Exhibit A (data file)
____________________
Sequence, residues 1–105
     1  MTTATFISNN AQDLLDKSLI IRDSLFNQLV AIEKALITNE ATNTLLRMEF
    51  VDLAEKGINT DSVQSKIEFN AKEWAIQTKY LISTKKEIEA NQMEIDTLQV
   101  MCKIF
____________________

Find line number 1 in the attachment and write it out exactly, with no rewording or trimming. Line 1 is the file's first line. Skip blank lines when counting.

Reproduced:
Sequence, residues 1–105